I spent the better part of my precious TV time during the last couple months watching The Sopranos. This was my first time watching what is now arguably one of the most iconic shows of the last 20 years.
I’m an avid fan of HBO, but I didn’t watch The Sopranos while it was on for two reasons: it was a little before my time, and until recently when I got my own place I didn’t have premium channels or Netflix.
To be honest, I initially had my doubts. I’m not a huge fan of gangster genre films like Scarface, and I was thinking The Sopranos would fit the genre mold. I liked The Godfather, but that is just a great movie, whether you like the genre or not.
It turned out that The Sopranos is a lot like The Godfather in that way. It’s a well-done, intriguing story about the mafia, but it is also about being an (Italian) American, being a parent, being a son or daughter, being married, growing old, dealing with death – when it comes down to it it’s about the life of a family. It strikes me that this comment is remarkably similar to my assessment of another HBO show, Big Love. Perhaps this is what HBO does best – presenting viewers with themes they can relate to, wrapped in a fancy package like the mafia or polygamy.
Throughout six seasons, the quality of the show never faltered, and there are some superb acting, directing and writing talents on display throughout. Particularly, the three main characters played by James Gandolfini, Edie Falco, and Lorraine Bracco. There were many deaths, but they never ceased to be shocking, poignant and memorable. Take the deaths of Ralph or Johnny Sack or Chris, for example. Then there are the interpersonal moments between the characters – the heated arguments between Tony and Carmilla that led up to their separation, Tony’s visit to Junior in the state nursing home, or Tony’s frantic rescue of AJ from the pool and resulting devastation over his mental state.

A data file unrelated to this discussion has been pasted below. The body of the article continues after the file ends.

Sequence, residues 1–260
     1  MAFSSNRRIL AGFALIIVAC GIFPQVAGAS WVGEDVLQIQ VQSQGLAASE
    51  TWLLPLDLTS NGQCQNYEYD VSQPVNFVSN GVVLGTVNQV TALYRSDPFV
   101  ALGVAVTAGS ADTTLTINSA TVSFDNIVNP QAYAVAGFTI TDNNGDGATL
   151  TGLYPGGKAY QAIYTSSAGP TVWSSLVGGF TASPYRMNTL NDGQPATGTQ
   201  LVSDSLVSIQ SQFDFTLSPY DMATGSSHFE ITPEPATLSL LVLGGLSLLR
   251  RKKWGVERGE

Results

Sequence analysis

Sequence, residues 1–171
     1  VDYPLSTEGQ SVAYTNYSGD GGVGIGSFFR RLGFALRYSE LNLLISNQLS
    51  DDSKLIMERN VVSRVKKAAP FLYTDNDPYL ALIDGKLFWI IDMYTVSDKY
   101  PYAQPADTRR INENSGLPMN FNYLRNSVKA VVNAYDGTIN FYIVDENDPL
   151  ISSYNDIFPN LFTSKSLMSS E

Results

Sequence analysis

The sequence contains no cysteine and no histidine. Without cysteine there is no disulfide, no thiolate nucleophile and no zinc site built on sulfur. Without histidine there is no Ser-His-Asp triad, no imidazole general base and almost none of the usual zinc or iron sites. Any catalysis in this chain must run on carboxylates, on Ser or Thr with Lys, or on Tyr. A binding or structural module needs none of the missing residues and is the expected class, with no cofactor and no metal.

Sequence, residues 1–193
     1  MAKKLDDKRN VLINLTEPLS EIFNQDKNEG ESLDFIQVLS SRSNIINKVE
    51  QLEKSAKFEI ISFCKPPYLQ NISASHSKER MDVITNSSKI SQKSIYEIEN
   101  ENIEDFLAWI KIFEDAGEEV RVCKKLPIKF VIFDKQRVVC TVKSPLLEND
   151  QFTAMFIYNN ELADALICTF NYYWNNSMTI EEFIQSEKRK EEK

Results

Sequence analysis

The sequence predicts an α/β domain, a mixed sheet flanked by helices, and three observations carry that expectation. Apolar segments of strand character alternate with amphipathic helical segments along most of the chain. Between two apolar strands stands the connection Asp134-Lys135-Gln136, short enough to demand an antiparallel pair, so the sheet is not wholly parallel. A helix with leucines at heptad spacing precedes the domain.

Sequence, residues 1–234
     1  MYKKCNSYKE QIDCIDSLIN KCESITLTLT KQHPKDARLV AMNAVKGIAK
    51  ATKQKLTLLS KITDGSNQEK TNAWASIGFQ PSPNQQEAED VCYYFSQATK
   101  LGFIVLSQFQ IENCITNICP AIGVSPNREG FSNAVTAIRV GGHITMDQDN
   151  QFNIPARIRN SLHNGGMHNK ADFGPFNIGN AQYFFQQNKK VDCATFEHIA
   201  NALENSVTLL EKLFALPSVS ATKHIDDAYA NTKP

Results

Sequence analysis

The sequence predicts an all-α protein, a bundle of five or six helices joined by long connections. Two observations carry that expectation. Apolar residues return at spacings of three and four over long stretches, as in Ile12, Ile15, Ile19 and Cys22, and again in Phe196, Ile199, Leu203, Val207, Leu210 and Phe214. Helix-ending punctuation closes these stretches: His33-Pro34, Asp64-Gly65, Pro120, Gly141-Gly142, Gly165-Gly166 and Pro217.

A lot of people complain about the series finale, “Made in America.” Perhaps I have the luxury of being detached from the hype of the time it aired, but I was satisfied with it. Ultimately, it is hard to end an epic, long-running show.
Although there is a lot of debate about what exactly happened after the screen went to black, I believe Tony was killed by the suspicious fellow at the bar, and possibly his family was caught in the crossfire, as often happened when someone was killed on the show. This notion is somewhat sad, but it is realistic given the preceding episodes. And to be honest, by the time the finale came, I felt like Tony, Carmilla, Meadow and AJ were all responsible, to varying degrees, for the deaths of innocent people. If they were not directly involved (as was the case with Tony), they were complacent. However, even though their characters were irreparably tarnished, I would not have wanted to see their deaths played out on screen in the gruesome manner of, say Phil Leotardo. In other words, the ending satisfied my need to have The Soprano family reap what they sowed, while preserving my feelings.
To wrap this post up, I cannot overstate how excellent, and entertaining, this series was. If you haven’t seen it, I highly recommend you take the time to watch it.